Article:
By Kim Zetter
November 3, 2009
Agents of Israel's Mossad intelligence service hacked into the computer
of a senior Syrian government official a year before Israel bombed a
facility in Syria in 2007, according to Der Spiegel.
The intelligence agents planted a Trojan horse on the official's
computer in late 2006 while he was staying at a hotel in the Kensington
district of London, the German newspaper reported Monday in an extensive
account of the bombing attack.
The official reportedly left his computer in his hotel room when he went
out, making it easy for agents to install the malware that siphoned
files from the laptop. The files contained construction plans for the Al
Kabir complex in eastern Syria - said to be an illicit nuclear facility -
as well as letters and hundreds of detailed photos showing the complex
at various stages of construction.
At the beginning - probably in 2002, although the material was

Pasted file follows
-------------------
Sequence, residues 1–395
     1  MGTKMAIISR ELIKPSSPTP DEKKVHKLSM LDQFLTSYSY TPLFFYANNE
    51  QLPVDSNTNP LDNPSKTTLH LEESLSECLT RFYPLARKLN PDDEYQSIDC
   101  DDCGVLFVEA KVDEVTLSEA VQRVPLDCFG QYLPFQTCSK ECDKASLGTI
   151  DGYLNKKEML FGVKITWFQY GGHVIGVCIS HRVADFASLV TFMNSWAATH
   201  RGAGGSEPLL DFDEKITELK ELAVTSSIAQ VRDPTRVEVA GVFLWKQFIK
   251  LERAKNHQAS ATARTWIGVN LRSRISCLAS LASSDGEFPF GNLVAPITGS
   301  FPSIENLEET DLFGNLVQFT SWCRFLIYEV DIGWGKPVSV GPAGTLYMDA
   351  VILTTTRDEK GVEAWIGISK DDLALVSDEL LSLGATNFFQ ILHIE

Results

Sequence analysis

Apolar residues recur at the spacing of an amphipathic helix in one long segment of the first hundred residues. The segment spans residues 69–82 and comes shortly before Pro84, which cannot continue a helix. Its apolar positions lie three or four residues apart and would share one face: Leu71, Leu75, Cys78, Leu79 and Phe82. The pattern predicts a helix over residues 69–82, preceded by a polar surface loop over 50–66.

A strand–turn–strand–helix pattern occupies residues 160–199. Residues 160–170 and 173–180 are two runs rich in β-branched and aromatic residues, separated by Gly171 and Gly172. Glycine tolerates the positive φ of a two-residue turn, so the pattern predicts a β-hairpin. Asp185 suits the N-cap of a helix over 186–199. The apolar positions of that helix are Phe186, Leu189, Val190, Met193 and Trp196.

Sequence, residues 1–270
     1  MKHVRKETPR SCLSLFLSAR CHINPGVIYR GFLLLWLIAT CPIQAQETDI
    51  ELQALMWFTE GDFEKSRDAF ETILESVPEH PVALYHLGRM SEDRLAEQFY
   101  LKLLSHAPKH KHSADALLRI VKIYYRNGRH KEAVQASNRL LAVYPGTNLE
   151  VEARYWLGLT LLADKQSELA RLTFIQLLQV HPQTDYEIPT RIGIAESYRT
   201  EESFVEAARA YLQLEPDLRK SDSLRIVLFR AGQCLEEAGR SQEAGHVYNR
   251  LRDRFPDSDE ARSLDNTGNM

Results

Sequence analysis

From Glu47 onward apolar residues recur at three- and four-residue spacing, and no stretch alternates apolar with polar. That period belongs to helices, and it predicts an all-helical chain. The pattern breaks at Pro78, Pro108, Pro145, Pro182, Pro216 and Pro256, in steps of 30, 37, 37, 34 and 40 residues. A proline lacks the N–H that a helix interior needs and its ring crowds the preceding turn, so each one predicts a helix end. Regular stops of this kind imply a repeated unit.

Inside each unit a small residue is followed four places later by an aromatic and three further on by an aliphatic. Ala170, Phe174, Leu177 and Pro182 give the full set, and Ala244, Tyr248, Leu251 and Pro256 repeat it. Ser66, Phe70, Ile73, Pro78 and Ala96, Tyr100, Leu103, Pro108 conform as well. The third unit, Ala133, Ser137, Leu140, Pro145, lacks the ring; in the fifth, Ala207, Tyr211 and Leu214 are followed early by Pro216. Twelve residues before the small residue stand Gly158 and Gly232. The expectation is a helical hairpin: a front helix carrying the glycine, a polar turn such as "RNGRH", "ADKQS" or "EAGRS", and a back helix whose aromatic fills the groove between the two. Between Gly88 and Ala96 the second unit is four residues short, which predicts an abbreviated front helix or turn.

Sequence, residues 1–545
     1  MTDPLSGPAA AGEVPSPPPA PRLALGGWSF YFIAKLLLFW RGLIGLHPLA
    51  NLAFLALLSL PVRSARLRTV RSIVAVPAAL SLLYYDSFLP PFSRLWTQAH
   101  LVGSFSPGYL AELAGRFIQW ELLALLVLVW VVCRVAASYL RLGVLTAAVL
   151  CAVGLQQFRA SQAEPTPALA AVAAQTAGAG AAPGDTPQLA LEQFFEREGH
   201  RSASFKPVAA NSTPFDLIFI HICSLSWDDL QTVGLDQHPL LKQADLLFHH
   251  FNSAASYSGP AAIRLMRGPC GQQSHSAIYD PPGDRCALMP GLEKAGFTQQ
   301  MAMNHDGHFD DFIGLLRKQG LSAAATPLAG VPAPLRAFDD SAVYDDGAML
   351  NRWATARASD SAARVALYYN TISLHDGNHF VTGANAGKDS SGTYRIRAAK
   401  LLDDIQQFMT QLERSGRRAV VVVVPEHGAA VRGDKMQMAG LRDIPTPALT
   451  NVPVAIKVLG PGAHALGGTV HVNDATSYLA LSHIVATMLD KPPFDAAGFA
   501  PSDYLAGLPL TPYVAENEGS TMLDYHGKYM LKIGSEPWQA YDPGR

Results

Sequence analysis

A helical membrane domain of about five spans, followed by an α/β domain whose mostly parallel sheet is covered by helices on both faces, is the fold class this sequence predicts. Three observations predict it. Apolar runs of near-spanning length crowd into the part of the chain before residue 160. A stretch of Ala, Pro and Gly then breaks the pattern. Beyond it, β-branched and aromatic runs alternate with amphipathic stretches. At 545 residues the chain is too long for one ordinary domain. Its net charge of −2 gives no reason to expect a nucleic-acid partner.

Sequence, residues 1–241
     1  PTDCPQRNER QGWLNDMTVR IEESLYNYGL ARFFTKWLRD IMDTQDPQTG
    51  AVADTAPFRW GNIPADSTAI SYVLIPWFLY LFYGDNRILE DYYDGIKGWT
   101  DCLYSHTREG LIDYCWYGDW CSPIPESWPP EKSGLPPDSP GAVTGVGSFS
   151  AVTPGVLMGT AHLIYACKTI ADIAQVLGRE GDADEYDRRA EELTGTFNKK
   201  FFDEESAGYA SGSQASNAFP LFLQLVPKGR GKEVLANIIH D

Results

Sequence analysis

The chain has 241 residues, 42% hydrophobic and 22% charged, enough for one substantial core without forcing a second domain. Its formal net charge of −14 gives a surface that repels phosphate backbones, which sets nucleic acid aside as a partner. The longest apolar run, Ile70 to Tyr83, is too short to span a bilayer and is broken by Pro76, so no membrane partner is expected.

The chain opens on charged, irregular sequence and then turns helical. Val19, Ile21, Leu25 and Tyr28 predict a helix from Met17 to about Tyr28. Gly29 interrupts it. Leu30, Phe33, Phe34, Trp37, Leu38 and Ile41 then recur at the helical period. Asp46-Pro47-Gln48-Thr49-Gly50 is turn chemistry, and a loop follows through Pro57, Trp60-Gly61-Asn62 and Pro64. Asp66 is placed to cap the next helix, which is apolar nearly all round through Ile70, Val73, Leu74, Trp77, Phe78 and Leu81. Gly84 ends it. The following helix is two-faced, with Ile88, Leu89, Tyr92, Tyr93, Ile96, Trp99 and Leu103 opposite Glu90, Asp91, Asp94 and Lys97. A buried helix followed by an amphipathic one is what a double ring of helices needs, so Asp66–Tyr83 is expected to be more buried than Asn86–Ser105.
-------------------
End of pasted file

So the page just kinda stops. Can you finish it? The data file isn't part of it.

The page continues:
undated - the construction site looked like a treehouse on stilts,
complete with suspicious-looking pipes leading to a pumping station
at the Euphrates. Later photos show concrete piers and roofs, which
apparently had only one function: to modify the building so that it
would look unsuspicious from above. In the end, the whole thing
looked as if a shoebox had been placed over something in an attempt
to conceal it. But photos from the interior revealed that what was
going on at the site was in fact probably work on fissile material.
Early in the morning of September 6, 2007, Israeli fighter jets bombed
the complex, located in the desert near the Euphrates river about 80
miles from the Iraq border. The attack, dubbed "Operation Orchard,"
seemed to come out of nowhere and was marked by a resounding silence
from both Israel and the United States afterward.